He would face the problem of amalgamating himself with the memory cell patterns still resident within the mature brain. Affectionate detachment would have to be practiced as he adjusted to his new family and friends who wouldn't feel as close to him anymore. They would sense that he had changed, that he was somehow different, but would not understand why. Once his mission in that body had been completed, he could leave that body consciously, provided he had not created too much karma for its subconscious while inhabiting it. All such karma would then have to be dissolved before dropping off the body. This practice is exercised only by souls who have sufficient mastery of the inner forces to leave consciously through the ajna chakra at death. Those who leave through that force center unconsciously would then reincarnate as an infant.

A related law, for those far advanced inwardly, states that the reincarnation process can begin before actual death takes place. While still maintaining a body on this planet and knowing that death is imminent, the inner bodies begin their transition into a new body at the time of conception. After a three-month period, the first signs of life appear and the advanced being enters the newly forming physical body. During the nine-month gestation cycle, the waning physical body is in the slow process of death, and exactly at the time of birth the death finally comes.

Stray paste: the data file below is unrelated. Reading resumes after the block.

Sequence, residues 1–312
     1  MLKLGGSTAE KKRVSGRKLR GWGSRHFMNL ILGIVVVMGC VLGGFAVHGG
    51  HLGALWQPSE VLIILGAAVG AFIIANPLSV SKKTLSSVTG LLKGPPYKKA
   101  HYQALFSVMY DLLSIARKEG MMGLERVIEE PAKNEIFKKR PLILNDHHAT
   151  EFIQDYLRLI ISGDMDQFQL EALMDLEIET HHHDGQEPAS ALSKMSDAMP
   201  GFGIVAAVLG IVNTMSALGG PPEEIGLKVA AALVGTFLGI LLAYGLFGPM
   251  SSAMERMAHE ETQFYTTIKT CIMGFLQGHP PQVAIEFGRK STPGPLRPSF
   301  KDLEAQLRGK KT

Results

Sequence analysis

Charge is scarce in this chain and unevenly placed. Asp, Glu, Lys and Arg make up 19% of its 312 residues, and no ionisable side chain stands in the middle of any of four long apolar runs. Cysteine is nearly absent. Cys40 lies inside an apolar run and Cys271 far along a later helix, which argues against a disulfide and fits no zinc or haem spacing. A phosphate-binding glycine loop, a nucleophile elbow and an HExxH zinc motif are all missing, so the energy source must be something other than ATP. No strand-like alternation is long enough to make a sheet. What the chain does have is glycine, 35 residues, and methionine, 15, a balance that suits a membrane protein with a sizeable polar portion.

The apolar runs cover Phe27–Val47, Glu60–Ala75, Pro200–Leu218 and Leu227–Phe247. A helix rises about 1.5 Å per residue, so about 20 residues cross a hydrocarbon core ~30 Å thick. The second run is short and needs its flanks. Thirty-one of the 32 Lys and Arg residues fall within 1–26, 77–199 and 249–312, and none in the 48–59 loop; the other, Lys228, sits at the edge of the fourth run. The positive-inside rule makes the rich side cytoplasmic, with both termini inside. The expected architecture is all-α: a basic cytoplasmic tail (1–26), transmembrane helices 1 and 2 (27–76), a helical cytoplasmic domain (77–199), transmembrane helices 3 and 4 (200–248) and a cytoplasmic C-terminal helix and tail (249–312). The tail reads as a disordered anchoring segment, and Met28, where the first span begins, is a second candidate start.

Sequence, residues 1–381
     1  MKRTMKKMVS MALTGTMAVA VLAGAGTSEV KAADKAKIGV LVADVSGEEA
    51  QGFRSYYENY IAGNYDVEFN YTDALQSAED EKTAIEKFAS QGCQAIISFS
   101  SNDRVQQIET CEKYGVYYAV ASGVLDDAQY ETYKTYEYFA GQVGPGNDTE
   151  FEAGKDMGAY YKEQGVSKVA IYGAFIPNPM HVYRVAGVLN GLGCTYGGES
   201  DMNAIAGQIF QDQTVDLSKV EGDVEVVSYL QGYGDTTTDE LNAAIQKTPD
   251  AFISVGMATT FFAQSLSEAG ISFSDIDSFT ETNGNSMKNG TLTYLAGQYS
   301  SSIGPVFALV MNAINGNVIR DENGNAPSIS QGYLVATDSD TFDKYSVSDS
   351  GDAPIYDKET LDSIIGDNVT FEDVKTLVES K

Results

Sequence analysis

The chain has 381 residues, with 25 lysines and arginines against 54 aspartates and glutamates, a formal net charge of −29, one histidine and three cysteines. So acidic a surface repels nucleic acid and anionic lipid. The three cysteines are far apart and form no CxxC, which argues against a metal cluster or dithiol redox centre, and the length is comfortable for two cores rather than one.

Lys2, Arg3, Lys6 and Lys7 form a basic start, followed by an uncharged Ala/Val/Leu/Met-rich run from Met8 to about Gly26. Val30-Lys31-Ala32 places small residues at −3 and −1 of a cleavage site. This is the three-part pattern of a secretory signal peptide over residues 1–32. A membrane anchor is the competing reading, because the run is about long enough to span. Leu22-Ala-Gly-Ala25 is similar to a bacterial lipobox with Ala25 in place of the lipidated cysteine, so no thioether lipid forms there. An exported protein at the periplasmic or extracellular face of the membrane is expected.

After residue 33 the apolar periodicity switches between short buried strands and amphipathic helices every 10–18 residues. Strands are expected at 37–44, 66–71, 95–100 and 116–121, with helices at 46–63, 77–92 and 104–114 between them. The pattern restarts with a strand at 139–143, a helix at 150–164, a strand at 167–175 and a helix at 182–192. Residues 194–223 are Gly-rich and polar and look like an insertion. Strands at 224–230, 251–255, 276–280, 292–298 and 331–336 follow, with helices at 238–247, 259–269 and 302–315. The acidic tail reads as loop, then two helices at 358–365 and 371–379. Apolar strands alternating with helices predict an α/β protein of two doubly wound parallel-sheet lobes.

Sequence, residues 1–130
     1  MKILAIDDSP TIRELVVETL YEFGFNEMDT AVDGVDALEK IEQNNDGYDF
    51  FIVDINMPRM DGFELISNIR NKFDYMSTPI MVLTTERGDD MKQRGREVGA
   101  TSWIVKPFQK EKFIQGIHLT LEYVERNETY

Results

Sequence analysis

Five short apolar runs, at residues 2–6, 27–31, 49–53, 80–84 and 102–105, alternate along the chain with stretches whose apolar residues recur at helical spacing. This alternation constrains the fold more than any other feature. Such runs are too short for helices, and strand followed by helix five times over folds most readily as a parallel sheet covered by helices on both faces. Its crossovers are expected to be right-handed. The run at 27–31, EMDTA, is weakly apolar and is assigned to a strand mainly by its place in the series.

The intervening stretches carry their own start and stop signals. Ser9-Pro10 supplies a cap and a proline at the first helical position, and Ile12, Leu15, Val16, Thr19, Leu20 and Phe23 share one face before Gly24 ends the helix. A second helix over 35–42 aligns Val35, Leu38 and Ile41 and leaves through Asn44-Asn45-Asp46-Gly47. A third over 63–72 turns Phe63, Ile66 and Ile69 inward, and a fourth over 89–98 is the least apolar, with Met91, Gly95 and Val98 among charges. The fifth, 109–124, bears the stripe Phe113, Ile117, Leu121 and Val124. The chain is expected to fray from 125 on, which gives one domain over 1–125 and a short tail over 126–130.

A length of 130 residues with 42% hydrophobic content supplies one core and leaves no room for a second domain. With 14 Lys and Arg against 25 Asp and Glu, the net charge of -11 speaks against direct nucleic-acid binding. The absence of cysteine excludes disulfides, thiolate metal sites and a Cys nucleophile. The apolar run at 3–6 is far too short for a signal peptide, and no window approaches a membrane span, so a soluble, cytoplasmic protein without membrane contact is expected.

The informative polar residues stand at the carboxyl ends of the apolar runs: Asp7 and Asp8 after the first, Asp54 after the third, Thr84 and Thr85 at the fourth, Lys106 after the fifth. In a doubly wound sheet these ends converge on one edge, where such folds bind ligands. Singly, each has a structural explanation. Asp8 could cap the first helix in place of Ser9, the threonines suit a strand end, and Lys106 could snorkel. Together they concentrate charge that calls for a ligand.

If evolution continues on the astral and other inner planes, and is in some ways more advanced in these realms, then do we need a physical body at all to unfold spiritually? Is it perhaps an unnecessary burden of flesh? According to classical yoga precepts, you must have a physical body in order to attain nirvikalpa samadhi--the highest realization of God, the Absolute. This is due to the fact that on the refined inner planes only three or four of the higher chakras are activated; the others are dormant. For nirvikalpa samadhi, all seven chakras, as well as the three major energy currents, have to be functioning to sustain enough kundalini force to burst through to the Self. The very same instinctive forces and fluids which generate material involvement, uncomplimentary karma and the body itself, when transmuted, are the impetus that propels awareness beyond the ramification of mind into the timeless, spaceless, formless Truth--Siva.